Alexander Stille

Alexander Stille

Fellow: Awarded 2008
Field of Study: General Nonfiction

Competition: US & Canada

Columbia University

Alexander Stille is currently the San Paolo Professor of International Journalism at Columbia University.  Born in New York, Mr. Stille attended Yale University and received

his M.S. from the Graduate School of Journalism at Columbia University in 1983.  After graduating from Yale, Mr. Stille moved to Italy for two years, a transformative experience

that rendered him increasingly interested in journalism as well as his own family’s Italian heritage.  He published his first book, Benevolence and Betrayal: Five Italian-Jewish Families Under Fascism (Simon & Schuster, 1991), after returning to Italy a second time.  He is also the author of Excellent Cadavers: The Mafia and the Death of the First Italian Republic (Pantheon, 1995), The Future of the Past (Farrar, Straus & Giroux, 2002), and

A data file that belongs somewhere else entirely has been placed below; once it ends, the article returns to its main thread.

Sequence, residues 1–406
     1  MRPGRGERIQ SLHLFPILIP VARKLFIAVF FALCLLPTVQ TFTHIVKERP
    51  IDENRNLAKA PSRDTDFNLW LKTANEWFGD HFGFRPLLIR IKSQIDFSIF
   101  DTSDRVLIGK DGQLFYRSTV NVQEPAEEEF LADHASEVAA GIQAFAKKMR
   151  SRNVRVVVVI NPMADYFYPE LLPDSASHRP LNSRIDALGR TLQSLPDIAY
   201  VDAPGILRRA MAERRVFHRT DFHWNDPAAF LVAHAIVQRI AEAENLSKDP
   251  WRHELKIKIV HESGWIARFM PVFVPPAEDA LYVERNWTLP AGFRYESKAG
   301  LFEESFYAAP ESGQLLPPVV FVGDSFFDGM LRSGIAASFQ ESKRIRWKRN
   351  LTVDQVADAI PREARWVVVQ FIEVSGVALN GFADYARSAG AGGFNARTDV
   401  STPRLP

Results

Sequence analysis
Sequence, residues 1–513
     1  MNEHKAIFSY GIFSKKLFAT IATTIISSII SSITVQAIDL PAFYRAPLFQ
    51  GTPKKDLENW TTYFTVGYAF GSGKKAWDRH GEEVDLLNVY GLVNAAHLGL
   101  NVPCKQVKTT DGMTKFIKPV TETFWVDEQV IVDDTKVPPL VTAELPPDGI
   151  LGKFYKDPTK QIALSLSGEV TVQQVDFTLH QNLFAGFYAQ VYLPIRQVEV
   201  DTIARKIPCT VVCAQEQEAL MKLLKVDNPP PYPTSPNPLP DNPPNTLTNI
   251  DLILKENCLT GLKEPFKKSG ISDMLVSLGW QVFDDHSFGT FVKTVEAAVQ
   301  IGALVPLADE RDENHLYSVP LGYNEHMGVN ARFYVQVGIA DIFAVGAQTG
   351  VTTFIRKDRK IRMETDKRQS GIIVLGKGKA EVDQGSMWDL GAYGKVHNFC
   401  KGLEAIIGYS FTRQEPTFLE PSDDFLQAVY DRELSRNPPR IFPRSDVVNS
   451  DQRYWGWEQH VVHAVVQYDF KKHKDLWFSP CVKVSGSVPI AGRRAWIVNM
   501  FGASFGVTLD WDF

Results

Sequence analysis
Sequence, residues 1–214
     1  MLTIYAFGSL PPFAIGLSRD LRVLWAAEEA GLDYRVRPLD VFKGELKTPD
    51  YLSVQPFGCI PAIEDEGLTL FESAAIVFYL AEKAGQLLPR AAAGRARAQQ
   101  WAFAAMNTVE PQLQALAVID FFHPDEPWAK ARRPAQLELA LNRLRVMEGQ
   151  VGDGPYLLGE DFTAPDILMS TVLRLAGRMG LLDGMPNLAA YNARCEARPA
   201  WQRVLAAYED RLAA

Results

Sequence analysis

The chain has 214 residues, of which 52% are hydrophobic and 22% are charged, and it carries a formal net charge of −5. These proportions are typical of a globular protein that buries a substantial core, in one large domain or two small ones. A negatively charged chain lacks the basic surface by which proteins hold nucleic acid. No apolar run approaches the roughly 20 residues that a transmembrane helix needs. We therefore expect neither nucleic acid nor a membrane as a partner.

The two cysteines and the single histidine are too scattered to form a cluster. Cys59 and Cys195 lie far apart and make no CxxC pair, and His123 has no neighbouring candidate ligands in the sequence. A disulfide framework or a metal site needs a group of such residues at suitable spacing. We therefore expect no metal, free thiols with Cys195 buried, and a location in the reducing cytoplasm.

The Sack of Rome: How a Beautiful European Country with a Fabled History and a Storied Culture Was Taken Over by a Man Named Silvio Berlusconi (Penguin, 2006). 

In addition, Mr. Stille has written hundreds of articles for such publications as Newsweek, the Los Angeles Times, New York Review of Books, New York Times, New Yorker, Toronto Globe & Mail, and Washington Post, among others.  He is the recipient of a Los Angeles Times Book Award for Best Work of History, a San Francisco Chronicle Critics Choice Award, and the Alicia Patterson Foundation Award for Journalism.  Mr. Stille was awarded

a Guggenheim Fellowship to work on a forthcoming memoir of his family’s experience in fascist Italy and in the United States during World War II.

For more information:

Columbia University School of Journalism

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